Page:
Great points.

I looked at the "hockey-stick" lines and they seem arbitrarily drawn--without them you could easily fit a single negatively sloping line. Without the data I can't say which model of the data minimizes error more, however.

In the last graph, I had made the difference quite dramatic, using an earlier version of the code. But mainly it's an exercise to show that in any event, a linear trend is expected--since a line would exist any time there's a difference in party voting preferences. If Democrats are 5% more likely to vote Trump than downballot Republicans, while Republicans are 10% more likely to vote downballot Republicans than Trump, a line would exist in the data always. It will only be flat, as he asserts it should be, if those preferences are identical!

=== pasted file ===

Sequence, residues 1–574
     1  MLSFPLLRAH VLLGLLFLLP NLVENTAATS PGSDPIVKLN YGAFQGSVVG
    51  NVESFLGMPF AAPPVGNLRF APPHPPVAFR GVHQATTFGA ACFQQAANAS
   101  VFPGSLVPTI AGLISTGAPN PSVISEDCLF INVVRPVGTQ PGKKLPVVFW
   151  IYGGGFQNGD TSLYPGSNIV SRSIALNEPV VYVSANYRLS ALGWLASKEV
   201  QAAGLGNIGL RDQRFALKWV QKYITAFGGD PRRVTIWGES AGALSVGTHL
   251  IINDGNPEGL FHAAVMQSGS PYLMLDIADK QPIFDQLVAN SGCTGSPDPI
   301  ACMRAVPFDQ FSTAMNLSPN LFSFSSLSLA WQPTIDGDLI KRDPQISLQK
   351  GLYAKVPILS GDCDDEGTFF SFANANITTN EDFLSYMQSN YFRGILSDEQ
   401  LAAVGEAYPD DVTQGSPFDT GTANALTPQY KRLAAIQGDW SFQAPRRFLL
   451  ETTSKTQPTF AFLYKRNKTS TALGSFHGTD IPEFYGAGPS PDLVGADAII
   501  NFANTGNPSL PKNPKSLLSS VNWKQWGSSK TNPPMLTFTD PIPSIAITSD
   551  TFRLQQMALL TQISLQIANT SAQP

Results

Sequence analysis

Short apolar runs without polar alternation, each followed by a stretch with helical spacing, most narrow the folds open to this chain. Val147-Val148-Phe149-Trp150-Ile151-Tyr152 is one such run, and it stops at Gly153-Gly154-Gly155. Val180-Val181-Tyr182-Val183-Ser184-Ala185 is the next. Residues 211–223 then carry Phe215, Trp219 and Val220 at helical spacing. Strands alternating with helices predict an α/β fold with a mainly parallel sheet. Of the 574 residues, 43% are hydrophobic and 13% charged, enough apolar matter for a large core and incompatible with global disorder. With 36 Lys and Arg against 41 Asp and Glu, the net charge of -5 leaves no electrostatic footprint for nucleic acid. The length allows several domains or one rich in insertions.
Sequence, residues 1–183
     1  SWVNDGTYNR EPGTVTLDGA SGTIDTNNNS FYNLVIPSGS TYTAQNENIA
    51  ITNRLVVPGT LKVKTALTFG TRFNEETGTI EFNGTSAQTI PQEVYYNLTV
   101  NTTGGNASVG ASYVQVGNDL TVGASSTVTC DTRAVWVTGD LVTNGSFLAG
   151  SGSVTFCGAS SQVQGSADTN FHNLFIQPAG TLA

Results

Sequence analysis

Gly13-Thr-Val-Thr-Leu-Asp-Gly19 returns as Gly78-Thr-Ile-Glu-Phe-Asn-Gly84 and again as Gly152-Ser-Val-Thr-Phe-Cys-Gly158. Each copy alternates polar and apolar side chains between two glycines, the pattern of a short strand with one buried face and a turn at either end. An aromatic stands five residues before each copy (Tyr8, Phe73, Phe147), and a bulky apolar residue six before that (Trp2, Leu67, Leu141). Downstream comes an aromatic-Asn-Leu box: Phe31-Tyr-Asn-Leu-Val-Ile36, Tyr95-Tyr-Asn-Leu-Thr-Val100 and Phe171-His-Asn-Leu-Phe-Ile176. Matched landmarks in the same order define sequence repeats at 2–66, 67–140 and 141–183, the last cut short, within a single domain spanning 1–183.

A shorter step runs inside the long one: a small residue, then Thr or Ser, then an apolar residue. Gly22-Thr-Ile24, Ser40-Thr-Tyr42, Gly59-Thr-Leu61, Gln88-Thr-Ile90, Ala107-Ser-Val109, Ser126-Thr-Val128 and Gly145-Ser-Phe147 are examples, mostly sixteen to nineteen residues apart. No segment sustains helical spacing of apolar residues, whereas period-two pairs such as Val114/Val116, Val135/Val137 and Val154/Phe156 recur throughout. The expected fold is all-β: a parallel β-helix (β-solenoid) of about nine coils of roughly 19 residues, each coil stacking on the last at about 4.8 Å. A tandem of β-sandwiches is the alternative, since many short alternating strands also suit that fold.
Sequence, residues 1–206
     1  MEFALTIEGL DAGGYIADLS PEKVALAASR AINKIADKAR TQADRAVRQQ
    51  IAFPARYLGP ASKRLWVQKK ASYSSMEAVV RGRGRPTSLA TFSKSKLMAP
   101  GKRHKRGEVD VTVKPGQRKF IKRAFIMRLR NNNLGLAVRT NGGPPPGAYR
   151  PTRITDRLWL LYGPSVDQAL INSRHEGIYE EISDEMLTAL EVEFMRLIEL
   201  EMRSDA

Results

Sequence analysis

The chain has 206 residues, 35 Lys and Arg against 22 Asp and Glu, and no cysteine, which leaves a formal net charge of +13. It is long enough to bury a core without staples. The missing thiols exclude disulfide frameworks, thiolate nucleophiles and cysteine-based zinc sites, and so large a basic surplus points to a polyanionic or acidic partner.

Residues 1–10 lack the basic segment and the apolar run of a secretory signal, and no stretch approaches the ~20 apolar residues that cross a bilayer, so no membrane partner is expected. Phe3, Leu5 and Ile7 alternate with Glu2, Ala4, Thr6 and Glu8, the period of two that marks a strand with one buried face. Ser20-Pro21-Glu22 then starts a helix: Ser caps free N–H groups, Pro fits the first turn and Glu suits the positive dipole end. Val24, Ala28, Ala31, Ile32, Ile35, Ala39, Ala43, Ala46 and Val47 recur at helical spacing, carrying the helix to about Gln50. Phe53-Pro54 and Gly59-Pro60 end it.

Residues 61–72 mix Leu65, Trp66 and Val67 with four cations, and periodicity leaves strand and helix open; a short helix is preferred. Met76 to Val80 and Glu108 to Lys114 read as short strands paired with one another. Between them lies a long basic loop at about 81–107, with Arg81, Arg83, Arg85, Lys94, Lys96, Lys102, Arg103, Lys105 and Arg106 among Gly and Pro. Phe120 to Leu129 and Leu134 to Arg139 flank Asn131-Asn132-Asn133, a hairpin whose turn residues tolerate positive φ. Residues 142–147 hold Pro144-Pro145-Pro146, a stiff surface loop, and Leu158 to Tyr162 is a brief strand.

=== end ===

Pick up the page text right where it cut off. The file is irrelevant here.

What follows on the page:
I will edit the graphs to agree with the earlier simulated model though to make it more clear, though, thanks for the attention to detail.

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